• ajay says:

            I think it’s safe to say they didn’t pwn things on the propaganda end.

            Given that their head of propaganda was John Milton, who later wrote a twelve-book epic about a rebellion in which the legitimate government is represented by God and the uppity rebel is Satan himself… well, no.

      • Stephen says:

        Clarendon in the 1670s tried to have it both ways: History of the Rebellion and Civil Wars in England.

        Many people called it the Great Rebellion, though.

    • njorl says:

      If the established government has a relatively uninterrupted string of successes, it is a rebellion. If the rebels have that, it is a revolution. Anything in between is a civil war (provided it is all in one country, and not a colonial situation.

      So you have Buckingham’s Rebellion, The Glorious Revolution, and the English Civil War.

    • Anonymous says:

      Unforunately, none of the terms are used consistently, and attempts to reimpose some sort of semantic content to their use is probably doomed to failure.

      It would be nice if revolution was reserved for a internal struggle that changed the form of government as opposed to just who holds the power, but the English Civil War and the Glorious Revolution are exactly backwards if that’s the case.

      • ajay says:

        It would be nice if revolution was reserved for a internal struggle that changed the form of government as opposed to just who holds the power, but the English Civil War and the Glorious Revolution are exactly backwards if that’s the case.

        The Glorious Revolution changed the form of government; it brought in the Bill of Rights.

  9. JMG says:

    Dear Mr. Loomis: Once, idly thumbing through a very old history of the town in the public library of Lexington, Mass., I found that its term for the Civil War was “War of the Slaveholders’ Rebellion.” I bet that works for you.

  10. cpinva says:

    a lot of what has become “common knowledge” about the war, is the result of the losers getting to define the terms, in school history textbooks. the state of texas has a unified textbook acquisition program, for all public schools. as a result, texas is the single largest purchaser of school textbooks in the country. publishers who want texas to buy their books, conform them to meet the texas state school board requirements. this resulted in the history of the war being tainted and romanticized, and the defense of slavery being the root cause never, ever mentioned; it was always about “state’s rights”, while not bothering to identify which particular state’s right was being “defended”. the era of digital textbooks will, hopefully, do away with texas deciding what the rest of the country will teach.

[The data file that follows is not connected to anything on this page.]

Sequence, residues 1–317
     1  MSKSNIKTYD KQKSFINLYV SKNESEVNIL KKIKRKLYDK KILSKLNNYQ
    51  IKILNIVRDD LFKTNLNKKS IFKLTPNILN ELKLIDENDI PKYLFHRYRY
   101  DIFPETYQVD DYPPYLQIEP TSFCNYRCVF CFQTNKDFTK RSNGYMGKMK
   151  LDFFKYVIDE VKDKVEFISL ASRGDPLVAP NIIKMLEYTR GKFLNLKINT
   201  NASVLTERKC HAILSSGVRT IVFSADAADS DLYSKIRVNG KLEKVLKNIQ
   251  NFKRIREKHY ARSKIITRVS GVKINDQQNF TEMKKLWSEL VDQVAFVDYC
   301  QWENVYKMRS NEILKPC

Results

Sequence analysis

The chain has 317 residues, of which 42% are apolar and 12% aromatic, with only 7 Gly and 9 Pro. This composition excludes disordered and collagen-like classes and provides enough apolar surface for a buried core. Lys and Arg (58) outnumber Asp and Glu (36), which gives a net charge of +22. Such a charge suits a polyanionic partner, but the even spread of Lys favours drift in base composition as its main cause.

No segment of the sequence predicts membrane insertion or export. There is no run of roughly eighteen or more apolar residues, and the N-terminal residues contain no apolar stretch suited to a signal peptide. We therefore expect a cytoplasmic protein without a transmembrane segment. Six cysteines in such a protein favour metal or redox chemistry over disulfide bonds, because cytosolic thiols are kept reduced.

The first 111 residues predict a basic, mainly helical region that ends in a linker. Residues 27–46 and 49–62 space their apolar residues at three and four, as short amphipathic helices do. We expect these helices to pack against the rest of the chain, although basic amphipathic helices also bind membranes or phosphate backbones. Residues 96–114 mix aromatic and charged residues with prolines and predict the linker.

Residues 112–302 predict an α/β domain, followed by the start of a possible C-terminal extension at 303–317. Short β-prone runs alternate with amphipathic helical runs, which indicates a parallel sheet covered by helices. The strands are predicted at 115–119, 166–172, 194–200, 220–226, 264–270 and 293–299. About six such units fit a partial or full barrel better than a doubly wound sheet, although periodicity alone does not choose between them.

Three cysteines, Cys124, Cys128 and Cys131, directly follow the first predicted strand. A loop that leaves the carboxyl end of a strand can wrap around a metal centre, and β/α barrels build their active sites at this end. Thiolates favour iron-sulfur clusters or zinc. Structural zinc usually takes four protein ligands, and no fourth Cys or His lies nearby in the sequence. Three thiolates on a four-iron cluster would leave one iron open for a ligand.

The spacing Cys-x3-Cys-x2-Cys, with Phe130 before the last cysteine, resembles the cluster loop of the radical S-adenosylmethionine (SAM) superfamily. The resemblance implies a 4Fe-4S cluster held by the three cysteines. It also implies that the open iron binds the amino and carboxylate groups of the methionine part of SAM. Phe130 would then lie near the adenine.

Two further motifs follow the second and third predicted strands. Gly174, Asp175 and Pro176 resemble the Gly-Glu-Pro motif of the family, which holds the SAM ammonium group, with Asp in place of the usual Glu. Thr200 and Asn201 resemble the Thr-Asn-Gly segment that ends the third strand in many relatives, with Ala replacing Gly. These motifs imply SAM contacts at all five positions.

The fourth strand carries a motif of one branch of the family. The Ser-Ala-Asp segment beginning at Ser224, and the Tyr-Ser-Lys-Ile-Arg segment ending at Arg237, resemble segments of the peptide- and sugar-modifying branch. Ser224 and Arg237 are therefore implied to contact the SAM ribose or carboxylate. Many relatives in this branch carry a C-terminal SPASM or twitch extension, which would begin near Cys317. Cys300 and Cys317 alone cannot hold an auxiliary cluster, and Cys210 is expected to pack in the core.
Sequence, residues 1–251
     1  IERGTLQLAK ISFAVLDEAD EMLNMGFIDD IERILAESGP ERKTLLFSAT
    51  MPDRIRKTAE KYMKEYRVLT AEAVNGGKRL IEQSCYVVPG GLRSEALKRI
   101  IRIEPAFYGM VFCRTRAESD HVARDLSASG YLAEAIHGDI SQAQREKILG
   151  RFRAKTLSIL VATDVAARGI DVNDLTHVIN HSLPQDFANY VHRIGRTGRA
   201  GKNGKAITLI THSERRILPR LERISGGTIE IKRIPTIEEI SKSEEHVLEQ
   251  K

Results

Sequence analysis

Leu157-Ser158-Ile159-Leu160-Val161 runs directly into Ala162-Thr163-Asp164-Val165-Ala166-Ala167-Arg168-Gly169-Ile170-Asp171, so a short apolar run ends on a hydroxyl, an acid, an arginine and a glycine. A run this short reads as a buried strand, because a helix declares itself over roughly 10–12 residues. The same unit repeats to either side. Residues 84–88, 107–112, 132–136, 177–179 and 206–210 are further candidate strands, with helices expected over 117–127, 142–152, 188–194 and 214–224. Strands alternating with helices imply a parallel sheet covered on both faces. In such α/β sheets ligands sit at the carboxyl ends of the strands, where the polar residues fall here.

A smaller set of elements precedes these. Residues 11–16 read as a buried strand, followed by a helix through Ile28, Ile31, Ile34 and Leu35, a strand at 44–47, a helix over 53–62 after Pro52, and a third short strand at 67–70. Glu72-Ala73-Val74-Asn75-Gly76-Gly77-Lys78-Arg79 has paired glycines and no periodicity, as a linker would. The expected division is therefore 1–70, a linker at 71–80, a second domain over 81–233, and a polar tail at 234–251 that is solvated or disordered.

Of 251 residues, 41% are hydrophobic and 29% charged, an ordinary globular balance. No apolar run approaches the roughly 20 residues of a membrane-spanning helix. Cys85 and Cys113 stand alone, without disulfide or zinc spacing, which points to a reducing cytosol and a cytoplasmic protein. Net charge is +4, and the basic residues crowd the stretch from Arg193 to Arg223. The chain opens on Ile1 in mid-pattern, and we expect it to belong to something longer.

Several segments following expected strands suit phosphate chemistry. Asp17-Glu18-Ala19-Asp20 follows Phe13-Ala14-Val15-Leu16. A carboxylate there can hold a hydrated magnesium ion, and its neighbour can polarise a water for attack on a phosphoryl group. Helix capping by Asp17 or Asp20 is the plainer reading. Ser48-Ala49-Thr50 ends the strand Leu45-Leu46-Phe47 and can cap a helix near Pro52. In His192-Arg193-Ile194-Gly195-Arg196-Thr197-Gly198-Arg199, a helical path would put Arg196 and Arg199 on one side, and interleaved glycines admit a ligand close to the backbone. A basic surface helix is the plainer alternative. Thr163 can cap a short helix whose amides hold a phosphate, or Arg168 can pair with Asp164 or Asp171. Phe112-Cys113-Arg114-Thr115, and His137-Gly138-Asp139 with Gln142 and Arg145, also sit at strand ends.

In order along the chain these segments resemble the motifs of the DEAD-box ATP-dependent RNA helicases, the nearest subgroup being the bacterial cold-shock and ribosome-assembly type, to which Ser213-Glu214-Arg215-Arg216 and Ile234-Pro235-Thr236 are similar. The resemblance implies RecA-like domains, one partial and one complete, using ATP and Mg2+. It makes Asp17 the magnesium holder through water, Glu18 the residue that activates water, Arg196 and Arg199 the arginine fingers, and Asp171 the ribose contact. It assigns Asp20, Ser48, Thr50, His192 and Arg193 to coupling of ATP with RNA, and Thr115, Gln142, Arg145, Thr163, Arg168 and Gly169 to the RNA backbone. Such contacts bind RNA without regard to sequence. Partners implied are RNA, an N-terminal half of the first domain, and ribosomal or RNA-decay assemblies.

11. ajay says:

    ‘When you rebel against the government and you win, it’s called a revolution. When you lose, it’s called a civil war.’

    Which is wrong anyway, because the rebels won in the Spanish and Chinese Civil Wars.

    I never liked “civil war” for the US conflict; in other contexts it means a war between two factions within a country over which should be in charge (English, Spanish, Chinese, Russian) and the American Civil War wasn’t about that. The South didn’t want to put Jefferson Davis in the White House.

    • Bruce Vail says:

      I’ll forgive my old teacher in this case for lack of global perspective. He was trying to impress on us that the winners of the war are the ones that usually write the history of the war. And that was true when I was a public high school student in NY’s Hudson Valley in 1970s. Lincoln was presented as a god-like figure, and the war was clearly labelled as right vs. wrong proposition.

      • oldster says:

        Ummm…The war *was* a right vs. wrong proposition, and should be clearly labeled as such.

        I won’t go to the mat over Lincoln’s god-like status–I think a lot of traditional divinities are over-rated, and so the comparison probably does him a disservice.

        But, what: do you really think it is more historically “sophisticated” and “nuanced” to pretend that the war was *not* a right vs. wrong proposition?

        • Bruce Vail says:

          I have no argument with you if you hold that the Union was right, and the Confederacy were wrong.

          • oldster says:

            Being pro-Confederate and in favor of ranking Lincoln higher than divinities–now *that’s* contrarian! I like it! Get me Fred Kaplan on the line!

            • Bruce Vail says:

              I guess that’s intended as a biting comment, but I am unfamiliar with Fred Kaplan.

              It would be misreading of my comments, by the way, to conclude that I am pro-Confederate.

              • oldster says: